Also, I watched Monsters, which I enjoyed quite a bit. Featuring really great aliens (they light up and have lots of tentacles!) who came to earth a number of years back and who have since been corralled into a large and heavily defended area comprising the borderlands of the USA and Mexico. Into this area (called the Infected Zone) come two Americans (a photographer and his bosses daughter) who get to the port at the Mexico side, hoping to get her on a ferry back to the USA. Trouble is, they get there the day before the port shuts down for six months. To top that off, the photographer goes off on a big drunk, which ends up meaning that she can’t take the ferry.
With no other options at hand, they set off by land and riverboat through the infected Zone. Now, for a low budget film, this could turn out pretty crappy. But not in Monsters! It is not crappy at all! Not only are the characters, and actors pretty good (most of the movie involves them, rather than any sci-fi or alien scenes) but the scenery and the alien-occupied backdrop are just really well done. I thought that it came across with a very genuine feeling. It was suspenseful without being overbearing and completely involving, both in terms of the character arcs and the Alien storyline. In the end, it is an engaging adventure that leaves you with some questions about the nature of “human versus visiting alien” relationships.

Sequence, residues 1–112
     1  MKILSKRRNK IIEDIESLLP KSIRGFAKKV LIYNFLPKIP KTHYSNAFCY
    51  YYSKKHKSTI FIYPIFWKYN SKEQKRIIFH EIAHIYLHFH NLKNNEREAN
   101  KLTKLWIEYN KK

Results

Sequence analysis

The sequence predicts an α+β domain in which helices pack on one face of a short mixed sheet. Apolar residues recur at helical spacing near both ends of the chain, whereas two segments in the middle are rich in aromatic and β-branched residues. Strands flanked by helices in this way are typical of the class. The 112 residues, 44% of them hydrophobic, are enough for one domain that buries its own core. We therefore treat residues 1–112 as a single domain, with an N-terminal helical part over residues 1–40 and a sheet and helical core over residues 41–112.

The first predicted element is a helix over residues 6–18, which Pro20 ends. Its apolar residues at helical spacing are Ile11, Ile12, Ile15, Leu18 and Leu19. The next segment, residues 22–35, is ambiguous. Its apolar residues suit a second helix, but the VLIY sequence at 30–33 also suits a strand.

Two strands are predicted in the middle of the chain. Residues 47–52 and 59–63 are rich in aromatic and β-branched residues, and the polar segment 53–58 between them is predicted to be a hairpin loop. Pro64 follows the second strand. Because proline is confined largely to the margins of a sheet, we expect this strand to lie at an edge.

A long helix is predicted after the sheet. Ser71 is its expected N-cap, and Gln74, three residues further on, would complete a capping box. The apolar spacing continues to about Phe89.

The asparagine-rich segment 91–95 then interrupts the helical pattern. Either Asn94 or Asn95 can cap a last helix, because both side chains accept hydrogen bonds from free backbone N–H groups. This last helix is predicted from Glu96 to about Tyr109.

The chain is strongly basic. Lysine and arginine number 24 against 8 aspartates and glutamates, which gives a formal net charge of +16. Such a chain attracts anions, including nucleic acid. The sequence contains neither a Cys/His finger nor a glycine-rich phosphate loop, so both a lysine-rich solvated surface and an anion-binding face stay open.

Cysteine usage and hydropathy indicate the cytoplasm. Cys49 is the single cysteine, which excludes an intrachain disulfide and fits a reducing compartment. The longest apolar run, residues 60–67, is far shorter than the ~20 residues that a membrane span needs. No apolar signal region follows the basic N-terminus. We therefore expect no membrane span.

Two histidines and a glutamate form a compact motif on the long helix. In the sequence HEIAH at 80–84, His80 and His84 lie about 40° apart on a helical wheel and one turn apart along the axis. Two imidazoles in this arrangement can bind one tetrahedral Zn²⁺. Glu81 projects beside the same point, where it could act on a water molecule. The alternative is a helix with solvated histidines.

So to take a break from my recent bout of “low-budget sci-fi film” love, I must say something about Stranded. After a quiet 2001ish start (though blatantly low budget), the first manned ship to visit Mars ends up crashing there! And since their orbiter doesn’t have a second lander, it may as well just turn tail and head back to Earth. Everyone seems really bummed by all of that except for one guy who is just excited to have made it… Which would be my take on the situation if I got to go on the first manned mission to another world!